Great Guitar Technique Avoids Injury
During my time at Berklee College of Music, in my last 2 semesters, I practiced 14-15 hours a day, 7 days a week, without missing a day.
These 14-15 hours of course included my class meetings, time I worked on projects, studying, ear training, and so on.
In other words: it wasn’t 15 hours of non-stop guitar playing.
Of these 15 hours of daily music study and practice, I think that about 10-12 of these hours were guitar practice.
However: that was still more hours of guitar practice than many of my peer students, who on average practiced 5-8 hours a day.
If none of my time had been taken up by projects, class assignments or study, I would have practiced guitar non stop.
You can’t pull this off without injury unless you have solid guitar technique.
The first thoughts of a guitar player who hears the word “technique”, tend to drift towards “speed”, “dexterity” or “technical facility” on the instrument.
“Technique” however, is also how you hold the guitar, how you carry yourself, how relaxed you are, how hard you press on the strings, and so much more.
Play It Safe!
I pride myself in the fact, that in past 17 years of teaching, having taught thousands of students, only 2 students of mine ever got injured.
From their very first lesson with me, all our focus was first on fixing their posture and bad habits that were going to lead to injury.
Unfortunately: the damage had already begun when they started with me and they didn’t immediately use the corrected positioning consistently enough in their practice to reverse the damage already done.
Probably not coincidentally: both these students professionally also spent a lot of time at their computer.
Upon my advice, these students took a break from guitar for a couple of months till wrists were healed, and never got injured again after they restarted their lessons.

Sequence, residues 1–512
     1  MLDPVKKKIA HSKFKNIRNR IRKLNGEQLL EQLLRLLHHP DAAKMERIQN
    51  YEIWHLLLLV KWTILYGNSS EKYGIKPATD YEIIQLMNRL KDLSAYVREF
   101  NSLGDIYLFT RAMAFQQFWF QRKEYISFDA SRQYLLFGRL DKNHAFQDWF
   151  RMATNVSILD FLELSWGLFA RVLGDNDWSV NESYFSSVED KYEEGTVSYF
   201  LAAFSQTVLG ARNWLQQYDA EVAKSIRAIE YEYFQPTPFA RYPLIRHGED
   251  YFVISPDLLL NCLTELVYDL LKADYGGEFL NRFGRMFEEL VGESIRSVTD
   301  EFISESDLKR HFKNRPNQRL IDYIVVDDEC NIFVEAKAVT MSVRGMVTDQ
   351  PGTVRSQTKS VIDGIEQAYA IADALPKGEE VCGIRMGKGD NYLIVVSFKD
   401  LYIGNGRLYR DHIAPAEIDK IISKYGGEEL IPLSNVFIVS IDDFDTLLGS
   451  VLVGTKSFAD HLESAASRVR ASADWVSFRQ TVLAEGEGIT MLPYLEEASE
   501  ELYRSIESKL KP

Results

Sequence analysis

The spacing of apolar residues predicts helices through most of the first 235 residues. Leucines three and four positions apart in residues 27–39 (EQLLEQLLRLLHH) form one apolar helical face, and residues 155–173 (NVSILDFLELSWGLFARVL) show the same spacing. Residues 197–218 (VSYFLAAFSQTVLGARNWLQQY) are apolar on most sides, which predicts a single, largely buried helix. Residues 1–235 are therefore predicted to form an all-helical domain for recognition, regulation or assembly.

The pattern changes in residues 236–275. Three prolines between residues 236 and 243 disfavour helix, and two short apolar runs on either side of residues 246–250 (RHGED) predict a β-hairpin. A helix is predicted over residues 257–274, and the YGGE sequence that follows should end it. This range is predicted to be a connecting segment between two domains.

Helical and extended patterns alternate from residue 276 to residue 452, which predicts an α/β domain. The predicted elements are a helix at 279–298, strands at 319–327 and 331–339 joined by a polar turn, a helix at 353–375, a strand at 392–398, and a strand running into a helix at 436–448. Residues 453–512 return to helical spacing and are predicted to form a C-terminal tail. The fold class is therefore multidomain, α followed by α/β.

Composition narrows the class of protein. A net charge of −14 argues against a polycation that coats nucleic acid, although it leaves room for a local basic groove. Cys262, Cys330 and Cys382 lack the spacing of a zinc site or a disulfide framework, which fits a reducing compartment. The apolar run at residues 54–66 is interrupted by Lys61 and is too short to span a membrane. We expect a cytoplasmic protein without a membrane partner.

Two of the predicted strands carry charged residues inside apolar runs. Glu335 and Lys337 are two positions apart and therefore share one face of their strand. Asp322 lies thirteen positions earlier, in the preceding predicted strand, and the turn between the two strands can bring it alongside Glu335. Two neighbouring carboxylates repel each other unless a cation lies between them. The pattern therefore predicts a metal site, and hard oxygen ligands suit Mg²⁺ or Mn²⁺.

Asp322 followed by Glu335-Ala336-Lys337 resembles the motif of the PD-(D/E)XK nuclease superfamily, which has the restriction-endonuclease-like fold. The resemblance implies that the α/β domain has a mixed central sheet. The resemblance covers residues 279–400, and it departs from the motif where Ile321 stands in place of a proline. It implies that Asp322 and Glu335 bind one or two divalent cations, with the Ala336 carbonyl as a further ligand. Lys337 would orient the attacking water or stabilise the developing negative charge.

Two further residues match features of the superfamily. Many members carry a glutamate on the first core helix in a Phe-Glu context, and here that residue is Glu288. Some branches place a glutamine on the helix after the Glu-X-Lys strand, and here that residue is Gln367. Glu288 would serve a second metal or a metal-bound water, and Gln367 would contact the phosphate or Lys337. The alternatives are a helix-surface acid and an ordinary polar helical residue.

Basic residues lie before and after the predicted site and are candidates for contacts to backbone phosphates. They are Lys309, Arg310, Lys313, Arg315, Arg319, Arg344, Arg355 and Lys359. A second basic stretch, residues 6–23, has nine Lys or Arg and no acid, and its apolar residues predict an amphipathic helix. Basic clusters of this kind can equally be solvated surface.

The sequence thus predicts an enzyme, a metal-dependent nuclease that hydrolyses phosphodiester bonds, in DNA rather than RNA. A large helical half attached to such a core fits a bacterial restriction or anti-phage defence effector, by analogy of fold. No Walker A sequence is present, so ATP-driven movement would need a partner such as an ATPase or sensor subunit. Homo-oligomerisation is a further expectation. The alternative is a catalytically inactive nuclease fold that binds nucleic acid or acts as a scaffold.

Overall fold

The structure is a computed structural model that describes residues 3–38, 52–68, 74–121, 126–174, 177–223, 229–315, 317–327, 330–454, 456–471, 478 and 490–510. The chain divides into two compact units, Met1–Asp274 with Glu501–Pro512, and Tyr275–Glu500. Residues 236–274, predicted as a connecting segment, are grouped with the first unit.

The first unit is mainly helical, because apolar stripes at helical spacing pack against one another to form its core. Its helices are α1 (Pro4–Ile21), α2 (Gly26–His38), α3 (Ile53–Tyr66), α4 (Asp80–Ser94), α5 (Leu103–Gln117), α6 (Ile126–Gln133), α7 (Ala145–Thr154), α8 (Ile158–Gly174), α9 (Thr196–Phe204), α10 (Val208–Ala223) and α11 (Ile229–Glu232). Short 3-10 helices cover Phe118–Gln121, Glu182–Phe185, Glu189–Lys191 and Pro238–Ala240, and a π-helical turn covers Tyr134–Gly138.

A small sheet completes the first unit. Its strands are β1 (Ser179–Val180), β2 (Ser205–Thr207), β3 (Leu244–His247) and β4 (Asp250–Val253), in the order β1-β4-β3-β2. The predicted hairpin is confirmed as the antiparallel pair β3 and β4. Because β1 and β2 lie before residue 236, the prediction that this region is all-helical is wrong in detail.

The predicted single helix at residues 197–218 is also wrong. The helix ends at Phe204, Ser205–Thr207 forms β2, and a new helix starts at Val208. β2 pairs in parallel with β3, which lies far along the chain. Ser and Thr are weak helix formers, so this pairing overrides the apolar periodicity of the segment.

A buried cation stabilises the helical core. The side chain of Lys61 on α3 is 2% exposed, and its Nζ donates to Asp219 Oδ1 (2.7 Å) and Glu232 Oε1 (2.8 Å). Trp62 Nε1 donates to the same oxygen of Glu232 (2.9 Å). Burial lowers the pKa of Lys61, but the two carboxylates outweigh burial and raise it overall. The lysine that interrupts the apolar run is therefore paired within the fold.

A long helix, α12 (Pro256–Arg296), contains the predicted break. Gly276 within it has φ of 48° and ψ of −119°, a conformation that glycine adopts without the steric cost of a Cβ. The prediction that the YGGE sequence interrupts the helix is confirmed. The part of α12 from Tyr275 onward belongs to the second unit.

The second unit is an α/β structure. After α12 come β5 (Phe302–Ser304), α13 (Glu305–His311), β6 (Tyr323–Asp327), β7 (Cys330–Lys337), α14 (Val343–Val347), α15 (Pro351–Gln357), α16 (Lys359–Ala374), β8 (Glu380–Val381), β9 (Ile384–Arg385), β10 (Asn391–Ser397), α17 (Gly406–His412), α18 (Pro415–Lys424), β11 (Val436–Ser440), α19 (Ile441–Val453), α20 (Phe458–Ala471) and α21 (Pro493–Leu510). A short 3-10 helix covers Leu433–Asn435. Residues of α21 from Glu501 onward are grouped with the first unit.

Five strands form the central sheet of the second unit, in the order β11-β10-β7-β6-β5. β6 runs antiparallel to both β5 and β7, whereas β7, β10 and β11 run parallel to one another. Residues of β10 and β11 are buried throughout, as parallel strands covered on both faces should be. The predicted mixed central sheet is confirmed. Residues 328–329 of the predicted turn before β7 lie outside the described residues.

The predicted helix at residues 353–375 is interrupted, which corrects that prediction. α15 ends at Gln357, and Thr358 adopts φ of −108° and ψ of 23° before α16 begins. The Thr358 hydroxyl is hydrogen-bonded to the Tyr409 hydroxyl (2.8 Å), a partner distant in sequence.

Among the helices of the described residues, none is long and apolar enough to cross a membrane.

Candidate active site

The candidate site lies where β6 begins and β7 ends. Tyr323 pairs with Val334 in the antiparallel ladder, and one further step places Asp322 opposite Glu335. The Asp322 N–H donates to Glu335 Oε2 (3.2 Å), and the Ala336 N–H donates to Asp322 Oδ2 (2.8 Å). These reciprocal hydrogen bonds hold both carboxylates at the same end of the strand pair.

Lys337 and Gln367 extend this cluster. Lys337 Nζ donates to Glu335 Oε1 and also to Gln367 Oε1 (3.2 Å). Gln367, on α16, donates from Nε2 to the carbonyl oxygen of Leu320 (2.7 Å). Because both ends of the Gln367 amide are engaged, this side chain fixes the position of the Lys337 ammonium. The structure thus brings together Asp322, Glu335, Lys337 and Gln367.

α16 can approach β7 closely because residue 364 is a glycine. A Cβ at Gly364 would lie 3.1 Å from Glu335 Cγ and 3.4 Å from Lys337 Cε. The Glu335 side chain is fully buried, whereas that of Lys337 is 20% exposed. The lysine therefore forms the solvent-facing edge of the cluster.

That guitar player’s wrist injury, is usually tendinitis.
Tendinitis is an irritation of inflammation of the tendons around the wrist joint.
This causes the tendon sheath to swell, constricting the gliding motion of the tendons, which makes the movements of the tendon painful.
In a later stage, this can possibly lead to the feared “carpal tunnel syndrome”.
The carpal tunnel is a narrow passageway of ligament and bones at the base of the hand.
The tendons and the median nerve reside in that tunnel.
When the tendons get inflamed and start swelling as a result of the inflammation, the median nerve gets pressed or squeezed.
The friction of the swollen tendons on the nerve, can over time also lead to nerve damage in the wrist.
Hold Your Hands As if You Were Watching TV.
All that being said: this blog brings good news.
As proven with all my students in so many years of teaching: it is possible to learn guitar (or even practice non-stop) without ever getting injured.
All it takes is an awareness of how you hold your fretting hand, and then correcting your hand positioning till the corrected way becomes a natural habit.
Even better: the ONE fretting hand principle I teach, is simple and easy to understand or to apply.
It comes down to following: hold your hands the same way as you would if you were sitting in your couch watching TV.
Following video explains and showcases this in greater detail.
If you apply this simple principle, you will be able to enjoy a life time of guitar playing without practice-related injuries.
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